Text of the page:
Dear Annie: My mother-in-law, “Joan,” lives nearby. Since the birth of our son three years ago, she has not once offered to babysit or have him sleep over. She never asks to spend time alone with him. When I’ve suggested it, she tells me how tired she is, and yet she runs around with her friends all day. On those rare occasions when we absolutely are desperate for her to babysit, we practically have to beg, and it’s only for things like doctors appointments. She would never babysit so my husband and I could go out for an evening.
However, Joan wants to go everywhere with us. She thinks that qualifies as spending time with her grandson. She also says she wants to be there for his first vacation, first movie, first day at school, etc., which makes us feel as if our son can’t achieve any milestones without her.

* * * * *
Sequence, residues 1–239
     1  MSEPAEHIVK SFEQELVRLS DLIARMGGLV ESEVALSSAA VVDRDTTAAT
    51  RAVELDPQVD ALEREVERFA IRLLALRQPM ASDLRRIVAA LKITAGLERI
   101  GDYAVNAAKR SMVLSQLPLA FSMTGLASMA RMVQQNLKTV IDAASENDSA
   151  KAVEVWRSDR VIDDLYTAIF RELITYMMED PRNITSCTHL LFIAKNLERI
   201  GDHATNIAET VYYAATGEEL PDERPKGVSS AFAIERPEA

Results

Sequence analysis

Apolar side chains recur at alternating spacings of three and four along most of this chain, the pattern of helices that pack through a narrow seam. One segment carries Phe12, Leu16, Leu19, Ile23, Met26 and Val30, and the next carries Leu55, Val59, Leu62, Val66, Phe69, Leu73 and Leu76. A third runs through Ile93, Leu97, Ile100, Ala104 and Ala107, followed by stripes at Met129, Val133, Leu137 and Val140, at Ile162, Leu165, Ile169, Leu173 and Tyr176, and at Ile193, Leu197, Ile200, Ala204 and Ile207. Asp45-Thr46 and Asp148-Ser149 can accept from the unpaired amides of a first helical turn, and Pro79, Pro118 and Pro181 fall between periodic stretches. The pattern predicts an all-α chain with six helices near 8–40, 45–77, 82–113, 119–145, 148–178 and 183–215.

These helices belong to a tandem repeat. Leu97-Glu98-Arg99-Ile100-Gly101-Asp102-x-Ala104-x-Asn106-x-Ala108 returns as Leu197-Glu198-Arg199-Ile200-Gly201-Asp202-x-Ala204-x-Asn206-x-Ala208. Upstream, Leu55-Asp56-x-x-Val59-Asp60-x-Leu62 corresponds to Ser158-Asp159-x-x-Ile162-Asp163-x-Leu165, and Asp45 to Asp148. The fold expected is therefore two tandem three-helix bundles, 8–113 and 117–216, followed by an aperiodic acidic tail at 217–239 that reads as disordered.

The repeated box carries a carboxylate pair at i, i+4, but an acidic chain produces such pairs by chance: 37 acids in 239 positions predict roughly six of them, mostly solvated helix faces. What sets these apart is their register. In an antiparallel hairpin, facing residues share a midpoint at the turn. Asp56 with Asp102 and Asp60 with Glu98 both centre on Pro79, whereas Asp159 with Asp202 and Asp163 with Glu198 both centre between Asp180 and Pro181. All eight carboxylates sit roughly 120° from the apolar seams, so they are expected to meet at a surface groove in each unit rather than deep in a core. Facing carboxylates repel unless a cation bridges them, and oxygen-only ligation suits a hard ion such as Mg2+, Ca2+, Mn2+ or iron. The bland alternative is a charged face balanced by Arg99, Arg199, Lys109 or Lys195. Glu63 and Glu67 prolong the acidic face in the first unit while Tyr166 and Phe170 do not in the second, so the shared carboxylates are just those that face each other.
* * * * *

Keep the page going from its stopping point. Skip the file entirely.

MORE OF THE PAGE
I have dropped hints that my husband and I could use a night alone, and I’ve mentioned how other grandparents enjoy having their grandchildren over, but she never responds.In addition, if we all go out together and our son acts out, Joan just sits there. Apparently, Joan wants to be there for the fun, but not the other stuff.
My mother and my friends think Joan’s attitude is strange. They say grandparents normally take the kids out to give the parents a break. I am sick of asking her to watch our son when we are in a bind. Am I being selfish, or is she not being much of a grandma? – Beleaguered Mom
Dear Mom: Both. You may not like it, but grandparents are not obligated to take care of your children because you want a night out. Of course, it would be nice if Joan took a greater interest in spending time with your son, and she may be more inclined when he is a little older, requires less supervision and they can communicate better. But if you want a good relationship with her, please take babysitting services off the table.
sponsored You’ve probably heard of co-ops: food co-ops, childcare co-ops, housing co-ops, energy co-ops.